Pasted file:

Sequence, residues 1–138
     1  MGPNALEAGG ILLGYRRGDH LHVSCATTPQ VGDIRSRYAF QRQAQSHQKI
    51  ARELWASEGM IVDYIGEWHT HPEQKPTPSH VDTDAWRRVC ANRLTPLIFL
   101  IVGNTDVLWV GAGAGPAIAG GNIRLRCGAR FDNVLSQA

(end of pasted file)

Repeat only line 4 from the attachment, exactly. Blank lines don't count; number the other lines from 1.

   101  IVGNTDVLWV GAGAGPAIAG GNIRLRCGAR FDNVLSQA